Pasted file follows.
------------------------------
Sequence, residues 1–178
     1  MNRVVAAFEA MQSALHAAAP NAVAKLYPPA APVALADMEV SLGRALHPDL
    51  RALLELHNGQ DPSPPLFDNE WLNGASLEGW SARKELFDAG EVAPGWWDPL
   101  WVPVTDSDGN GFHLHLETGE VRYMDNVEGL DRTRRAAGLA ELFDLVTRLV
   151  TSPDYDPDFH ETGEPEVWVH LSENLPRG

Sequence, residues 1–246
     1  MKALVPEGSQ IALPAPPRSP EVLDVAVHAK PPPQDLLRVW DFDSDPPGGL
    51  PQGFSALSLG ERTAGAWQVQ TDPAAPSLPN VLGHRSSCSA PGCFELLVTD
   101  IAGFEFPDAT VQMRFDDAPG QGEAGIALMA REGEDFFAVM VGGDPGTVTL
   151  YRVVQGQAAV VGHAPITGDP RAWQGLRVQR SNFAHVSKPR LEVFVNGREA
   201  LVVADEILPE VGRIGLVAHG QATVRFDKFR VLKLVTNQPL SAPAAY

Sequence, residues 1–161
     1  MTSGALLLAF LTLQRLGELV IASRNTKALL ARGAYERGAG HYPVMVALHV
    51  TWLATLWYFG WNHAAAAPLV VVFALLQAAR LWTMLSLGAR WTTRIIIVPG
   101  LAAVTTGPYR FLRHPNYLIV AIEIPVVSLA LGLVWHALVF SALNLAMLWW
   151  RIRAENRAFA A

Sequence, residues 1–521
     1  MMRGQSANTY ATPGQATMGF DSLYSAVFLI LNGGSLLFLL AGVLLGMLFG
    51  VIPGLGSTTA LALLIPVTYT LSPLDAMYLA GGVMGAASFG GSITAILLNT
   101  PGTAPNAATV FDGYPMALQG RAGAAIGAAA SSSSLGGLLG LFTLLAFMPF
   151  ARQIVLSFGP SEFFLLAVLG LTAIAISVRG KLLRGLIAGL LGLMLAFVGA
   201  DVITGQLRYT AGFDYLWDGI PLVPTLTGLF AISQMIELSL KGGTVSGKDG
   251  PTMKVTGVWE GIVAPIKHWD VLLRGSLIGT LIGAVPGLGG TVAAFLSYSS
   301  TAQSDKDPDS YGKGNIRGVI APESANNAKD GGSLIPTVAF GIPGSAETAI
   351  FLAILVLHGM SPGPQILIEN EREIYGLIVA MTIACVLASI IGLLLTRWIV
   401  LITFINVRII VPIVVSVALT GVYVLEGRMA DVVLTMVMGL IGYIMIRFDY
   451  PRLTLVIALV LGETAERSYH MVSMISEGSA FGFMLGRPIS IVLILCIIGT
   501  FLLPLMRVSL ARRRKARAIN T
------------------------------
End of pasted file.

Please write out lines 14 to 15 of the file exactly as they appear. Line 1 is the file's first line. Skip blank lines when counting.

    51  TWLATLWYFG WNHAAAAPLV VVFALLQAAR LWTMLSLGAR WTTRIIIVPG
   101  LAAVTTGPYR FLRHPNYLIV AIEIPVVSLA LGLVWHALVF SALNLAMLWW